Lessons from badly behaved technology transfer to a professional context
by David W. Chambers
International Journal of Technology Transfer and Commercialisation (IJTTC), Vol. 4, No. 1, 2005

Abstract: Technology development and transfer to professional practices is explored using the example of dentistry. Oral health in the USA has improved dramatically in the past forty years, but paradoxically, this has been the result of an inexpensive technology, systemic fluoridation, that is outside dental practice. Also paradoxically, the improvement in oral health has been accompanied by increasing demand for dental care and an even greater profit to dentists. Dentists have maintained control over all aspects of technology. This includes technology development, channels for diffusing information regarding innovations and of evaluating their potential value, and adoption and financing decisions. Most innovation is incremental and involves changes of materials and supplies, with capital investments costing over a few thousand dollars being unusual. The criteria used by dentists to evaluate technology are personal and pragmatic. Because they are the principal users of technology, it must ''feel right in a dentist's hands''. Dentists also seek protection from the environment they cannot control by establishing management mechanisms that are largely outside their practices. It is suggested that technology in dentistry is ''pulled'' based on professional self-image in a teleological fashion rather than ''pushed'' in a logical fashion based on the objective characteristics of technology and its potential impact on customers or the environment.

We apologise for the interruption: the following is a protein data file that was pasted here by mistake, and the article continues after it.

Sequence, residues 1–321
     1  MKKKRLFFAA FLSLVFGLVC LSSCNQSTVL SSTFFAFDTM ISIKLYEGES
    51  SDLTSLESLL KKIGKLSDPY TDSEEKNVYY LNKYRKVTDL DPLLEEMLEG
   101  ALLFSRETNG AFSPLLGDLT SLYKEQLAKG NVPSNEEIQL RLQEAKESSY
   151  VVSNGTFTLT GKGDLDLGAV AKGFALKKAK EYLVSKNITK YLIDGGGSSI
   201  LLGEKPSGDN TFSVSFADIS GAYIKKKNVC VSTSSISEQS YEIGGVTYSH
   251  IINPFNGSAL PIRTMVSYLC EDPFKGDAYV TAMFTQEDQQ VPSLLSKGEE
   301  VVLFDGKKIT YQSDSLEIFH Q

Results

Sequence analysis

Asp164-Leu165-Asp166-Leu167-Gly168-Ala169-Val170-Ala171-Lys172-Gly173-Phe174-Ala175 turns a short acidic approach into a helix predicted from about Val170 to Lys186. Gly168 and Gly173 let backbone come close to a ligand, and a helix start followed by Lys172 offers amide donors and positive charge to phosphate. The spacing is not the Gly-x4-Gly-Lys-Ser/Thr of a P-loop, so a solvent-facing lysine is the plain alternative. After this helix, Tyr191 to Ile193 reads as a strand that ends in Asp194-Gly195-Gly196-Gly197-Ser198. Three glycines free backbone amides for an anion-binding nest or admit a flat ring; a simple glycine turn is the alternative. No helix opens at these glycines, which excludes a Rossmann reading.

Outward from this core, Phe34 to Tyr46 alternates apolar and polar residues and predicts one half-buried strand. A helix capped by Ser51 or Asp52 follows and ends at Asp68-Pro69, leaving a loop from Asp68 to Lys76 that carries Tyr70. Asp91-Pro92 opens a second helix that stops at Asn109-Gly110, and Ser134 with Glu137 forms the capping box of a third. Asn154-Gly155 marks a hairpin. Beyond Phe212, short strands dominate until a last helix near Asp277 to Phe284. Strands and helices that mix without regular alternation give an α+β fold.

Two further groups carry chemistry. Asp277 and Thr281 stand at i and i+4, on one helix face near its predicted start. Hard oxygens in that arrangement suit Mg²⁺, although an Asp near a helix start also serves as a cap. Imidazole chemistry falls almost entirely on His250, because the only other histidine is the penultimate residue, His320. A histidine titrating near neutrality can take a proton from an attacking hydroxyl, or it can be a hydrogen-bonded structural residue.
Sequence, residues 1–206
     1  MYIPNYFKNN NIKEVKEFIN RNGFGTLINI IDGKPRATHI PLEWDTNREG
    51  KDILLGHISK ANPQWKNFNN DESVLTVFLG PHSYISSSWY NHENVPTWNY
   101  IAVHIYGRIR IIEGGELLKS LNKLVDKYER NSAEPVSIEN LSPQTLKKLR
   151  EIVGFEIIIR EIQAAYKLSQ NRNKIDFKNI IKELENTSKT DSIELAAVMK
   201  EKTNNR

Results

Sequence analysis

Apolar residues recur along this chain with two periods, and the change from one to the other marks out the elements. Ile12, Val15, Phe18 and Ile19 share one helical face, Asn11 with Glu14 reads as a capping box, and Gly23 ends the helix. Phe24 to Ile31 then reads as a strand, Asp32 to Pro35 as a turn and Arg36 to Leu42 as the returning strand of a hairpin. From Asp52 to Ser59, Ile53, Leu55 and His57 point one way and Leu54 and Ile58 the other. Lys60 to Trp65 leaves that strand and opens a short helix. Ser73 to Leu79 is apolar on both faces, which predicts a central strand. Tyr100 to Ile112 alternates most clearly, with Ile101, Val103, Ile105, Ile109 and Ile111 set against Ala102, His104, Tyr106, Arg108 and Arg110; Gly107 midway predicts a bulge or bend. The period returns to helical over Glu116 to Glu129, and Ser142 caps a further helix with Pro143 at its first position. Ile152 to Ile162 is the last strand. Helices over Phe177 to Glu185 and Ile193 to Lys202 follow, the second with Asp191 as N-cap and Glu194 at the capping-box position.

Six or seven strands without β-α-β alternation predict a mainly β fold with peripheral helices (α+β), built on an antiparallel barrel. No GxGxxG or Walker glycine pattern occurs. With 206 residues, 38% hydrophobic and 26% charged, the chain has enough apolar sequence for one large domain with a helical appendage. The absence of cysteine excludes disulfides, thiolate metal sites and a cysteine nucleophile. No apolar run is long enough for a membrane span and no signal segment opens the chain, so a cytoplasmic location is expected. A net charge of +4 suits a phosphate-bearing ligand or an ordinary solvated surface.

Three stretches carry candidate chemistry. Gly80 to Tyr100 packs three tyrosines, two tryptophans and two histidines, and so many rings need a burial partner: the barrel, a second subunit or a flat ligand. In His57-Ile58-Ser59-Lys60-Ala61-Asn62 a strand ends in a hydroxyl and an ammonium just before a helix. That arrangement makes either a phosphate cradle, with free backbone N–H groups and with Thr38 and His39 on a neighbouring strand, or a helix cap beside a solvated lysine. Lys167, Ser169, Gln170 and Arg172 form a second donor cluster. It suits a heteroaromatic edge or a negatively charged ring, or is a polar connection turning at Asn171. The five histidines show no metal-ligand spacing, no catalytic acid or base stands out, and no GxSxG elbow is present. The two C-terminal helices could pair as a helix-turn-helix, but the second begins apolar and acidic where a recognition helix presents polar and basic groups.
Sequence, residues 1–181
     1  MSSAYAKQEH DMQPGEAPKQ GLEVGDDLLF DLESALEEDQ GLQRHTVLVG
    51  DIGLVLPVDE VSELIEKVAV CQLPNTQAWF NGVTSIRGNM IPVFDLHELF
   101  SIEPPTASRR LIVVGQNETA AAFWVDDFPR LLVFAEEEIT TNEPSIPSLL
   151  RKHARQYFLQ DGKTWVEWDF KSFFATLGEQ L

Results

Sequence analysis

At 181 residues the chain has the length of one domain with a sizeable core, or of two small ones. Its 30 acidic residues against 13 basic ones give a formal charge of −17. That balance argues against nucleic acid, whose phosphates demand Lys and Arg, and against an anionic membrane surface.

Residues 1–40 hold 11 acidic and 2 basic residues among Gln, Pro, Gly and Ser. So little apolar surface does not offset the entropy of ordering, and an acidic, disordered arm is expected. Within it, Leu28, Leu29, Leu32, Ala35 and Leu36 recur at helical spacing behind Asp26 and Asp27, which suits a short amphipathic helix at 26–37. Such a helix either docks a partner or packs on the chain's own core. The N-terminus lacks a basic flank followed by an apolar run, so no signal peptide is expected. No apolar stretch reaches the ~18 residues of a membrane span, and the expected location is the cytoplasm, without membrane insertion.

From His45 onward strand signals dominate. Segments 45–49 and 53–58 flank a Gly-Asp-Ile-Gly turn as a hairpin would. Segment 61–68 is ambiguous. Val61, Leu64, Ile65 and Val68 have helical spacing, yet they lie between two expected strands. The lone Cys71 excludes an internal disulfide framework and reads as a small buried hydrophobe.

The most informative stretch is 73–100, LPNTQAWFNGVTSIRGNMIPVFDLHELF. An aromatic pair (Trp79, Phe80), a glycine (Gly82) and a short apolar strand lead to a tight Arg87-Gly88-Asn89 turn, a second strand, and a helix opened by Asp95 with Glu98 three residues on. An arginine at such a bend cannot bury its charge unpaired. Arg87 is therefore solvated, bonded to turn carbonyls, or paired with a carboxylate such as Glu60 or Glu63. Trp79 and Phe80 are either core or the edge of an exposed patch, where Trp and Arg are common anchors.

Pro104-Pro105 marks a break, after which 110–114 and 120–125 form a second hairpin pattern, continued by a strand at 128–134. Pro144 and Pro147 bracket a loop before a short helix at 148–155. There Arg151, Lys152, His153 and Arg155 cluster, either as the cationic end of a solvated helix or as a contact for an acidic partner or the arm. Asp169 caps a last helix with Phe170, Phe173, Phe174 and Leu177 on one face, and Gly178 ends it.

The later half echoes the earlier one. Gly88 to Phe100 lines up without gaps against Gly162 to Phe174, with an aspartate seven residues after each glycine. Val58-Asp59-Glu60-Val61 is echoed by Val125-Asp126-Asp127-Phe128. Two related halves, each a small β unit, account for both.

Online publication date: Mon, 06-Dec-2004

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